Homes protected by £30m Broomhill Sands sea defence
A £30m sea defence scheme that will protect more than 1,300 homes and 100 businesses has been completed.
The Broomhill Sands scheme covers 1.3 miles (2km) of beach from Camber in East Sussex to Lydd Ranges in Kent.
The scheme, which used rocks shipped from Norway, is part of a wider coastal erosion management strategy.
Environment Agency operations manager Ian Nunn said it was one of the agency's largest construction projects in the South East.
Brigitte Bass, who was part of Defend Our Coast, which began a campaign for the defences in 2004, said: "We are obviously delighted. It has taken a long time but we got there in the end."
She had faced losing her former home, one of the Coastguard Cottages at Camber.
"I think it was a question of pointing out that it wasn't just a matter of a few houses which would have been lost to the sea," she said.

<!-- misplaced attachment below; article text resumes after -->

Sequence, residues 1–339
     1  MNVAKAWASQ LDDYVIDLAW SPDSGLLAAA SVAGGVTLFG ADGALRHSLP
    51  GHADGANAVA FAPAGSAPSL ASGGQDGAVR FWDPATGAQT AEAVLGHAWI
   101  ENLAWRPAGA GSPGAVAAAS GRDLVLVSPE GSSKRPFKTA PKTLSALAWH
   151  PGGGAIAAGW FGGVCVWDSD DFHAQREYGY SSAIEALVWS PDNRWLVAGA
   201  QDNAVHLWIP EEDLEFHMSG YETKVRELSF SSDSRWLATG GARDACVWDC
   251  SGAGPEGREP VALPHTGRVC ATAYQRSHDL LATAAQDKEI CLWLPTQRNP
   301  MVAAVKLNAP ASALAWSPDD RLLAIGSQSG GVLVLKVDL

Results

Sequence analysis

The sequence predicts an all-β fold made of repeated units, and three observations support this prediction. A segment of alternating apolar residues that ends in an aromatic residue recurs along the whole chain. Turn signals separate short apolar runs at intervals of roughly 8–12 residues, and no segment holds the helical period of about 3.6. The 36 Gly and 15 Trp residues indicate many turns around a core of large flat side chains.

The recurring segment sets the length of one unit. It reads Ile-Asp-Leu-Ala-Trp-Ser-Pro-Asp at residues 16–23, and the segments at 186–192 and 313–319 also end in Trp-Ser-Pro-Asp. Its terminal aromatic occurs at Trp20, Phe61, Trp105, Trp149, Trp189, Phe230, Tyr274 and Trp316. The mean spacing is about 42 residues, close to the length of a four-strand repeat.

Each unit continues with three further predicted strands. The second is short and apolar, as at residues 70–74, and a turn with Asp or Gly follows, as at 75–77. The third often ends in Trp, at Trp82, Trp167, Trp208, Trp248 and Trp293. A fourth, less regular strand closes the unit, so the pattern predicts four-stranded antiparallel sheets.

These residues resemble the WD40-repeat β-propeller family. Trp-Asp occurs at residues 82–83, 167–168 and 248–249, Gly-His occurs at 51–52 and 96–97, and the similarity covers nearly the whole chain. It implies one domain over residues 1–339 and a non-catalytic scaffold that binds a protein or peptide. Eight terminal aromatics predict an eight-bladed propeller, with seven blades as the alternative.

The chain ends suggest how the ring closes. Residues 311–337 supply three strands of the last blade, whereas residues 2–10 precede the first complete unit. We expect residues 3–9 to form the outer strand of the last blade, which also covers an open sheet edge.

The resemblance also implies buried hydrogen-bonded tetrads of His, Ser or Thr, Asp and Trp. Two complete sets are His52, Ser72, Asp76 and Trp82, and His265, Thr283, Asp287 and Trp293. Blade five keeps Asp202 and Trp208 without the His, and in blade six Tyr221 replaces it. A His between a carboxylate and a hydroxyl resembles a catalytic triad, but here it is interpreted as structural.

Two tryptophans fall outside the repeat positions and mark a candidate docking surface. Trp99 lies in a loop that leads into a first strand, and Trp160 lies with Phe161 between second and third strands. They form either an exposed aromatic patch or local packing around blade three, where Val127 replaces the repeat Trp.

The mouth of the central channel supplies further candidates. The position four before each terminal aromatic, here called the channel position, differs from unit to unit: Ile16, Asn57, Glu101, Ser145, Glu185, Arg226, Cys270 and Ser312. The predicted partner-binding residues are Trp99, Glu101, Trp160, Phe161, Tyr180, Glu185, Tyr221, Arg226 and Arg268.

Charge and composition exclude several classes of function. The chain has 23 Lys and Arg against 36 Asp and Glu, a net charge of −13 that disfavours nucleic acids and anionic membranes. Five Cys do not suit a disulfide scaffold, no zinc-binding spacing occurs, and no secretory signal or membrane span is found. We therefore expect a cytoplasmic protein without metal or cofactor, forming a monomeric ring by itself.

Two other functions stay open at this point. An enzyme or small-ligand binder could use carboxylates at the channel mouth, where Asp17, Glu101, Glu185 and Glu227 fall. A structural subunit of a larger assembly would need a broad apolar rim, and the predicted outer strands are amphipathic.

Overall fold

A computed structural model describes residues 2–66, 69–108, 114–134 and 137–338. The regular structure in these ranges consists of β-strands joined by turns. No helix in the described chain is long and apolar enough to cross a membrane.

"It was actually encompassing a great area ie the whole of the [Romney] Marsh and rural communities should be just as entitled to be protected from coastal flooding as urban areas or very much built-up areas."
The sea defence has rock revetments - sloping structures that absorb wave energy - along with a new wave wall, extra beach shingle and new timber groynes.
It includes a wider path along the top of the defence and new pedestrian-access steps and ramps.
Mr Nunn said it was part of the Folkestone to Cliff End strategy that would protect 14,500 homes and businesses, Dungeness nuclear power station, wildlife habitat and two Ministry of Defence firing ranges.
He said more than 250,000 tonnes of rock would absorb wave energy and protect the defence itself.